Persistent inflammation and accelerated aging

People living with HIV (PLHIV) that have access (and adhere) to combination antiretroviral therapy (cART) can anticipate a longer life expectancy and decreased morbidity and mortality relative to untreated patients. However, the increased risk to developing non-AIDS comorbidities remains due to persistently ongoing  inflammation in chronic HIV infection.

Aging is associated with an impaired immune response and shares signature pathways and phenotypes which are also observed in chronic HIV infection. We therefore hypothesize that PLHIV exhibit a premature aging phenotype, reflected by age-related changes in the epigenome, transcriptome, proteome and immune cellular phenotype. Using machine learning techniques, we aim to build chronological age predictors (aging clocks) as precise estimators of biological age that will allow us to identify extreme aging phenotypes and possible related biomarkers in our cohort.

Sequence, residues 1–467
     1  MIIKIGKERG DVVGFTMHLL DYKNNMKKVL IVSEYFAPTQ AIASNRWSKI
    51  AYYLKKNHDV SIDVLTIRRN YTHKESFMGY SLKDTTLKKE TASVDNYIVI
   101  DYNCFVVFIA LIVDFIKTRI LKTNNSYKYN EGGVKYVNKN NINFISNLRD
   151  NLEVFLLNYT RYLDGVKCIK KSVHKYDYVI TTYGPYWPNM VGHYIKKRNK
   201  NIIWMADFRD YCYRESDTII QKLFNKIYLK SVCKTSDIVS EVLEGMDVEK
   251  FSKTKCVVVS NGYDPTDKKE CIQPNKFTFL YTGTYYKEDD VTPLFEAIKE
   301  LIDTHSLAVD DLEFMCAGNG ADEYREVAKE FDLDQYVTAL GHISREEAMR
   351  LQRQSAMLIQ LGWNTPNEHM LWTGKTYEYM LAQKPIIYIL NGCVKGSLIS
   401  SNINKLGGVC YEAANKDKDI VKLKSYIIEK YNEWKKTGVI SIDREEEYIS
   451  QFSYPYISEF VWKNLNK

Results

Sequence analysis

The aging of an organism is caused by accumulation of senescent cells secreting SASP-mediators (senescence-associated secretory phenotype) and the progressive loss of proliferation capacity.  The cellular senescence research field is a growing area driven by -omics and bioinformatic methods that may help to provide new molecular insights.  Taking advantage of the different -omics data layers available in this project, we are interested in to identify the cellular senescence mechanisms underlying premature aging in PLHIV and  their relationship with the risk of developing non-AIDS comorbidities.  The final goal is the identification of potential therapeutic targets that could either ameliorate or reduce the burden of age-related comorbidities, especially in young PLHIV.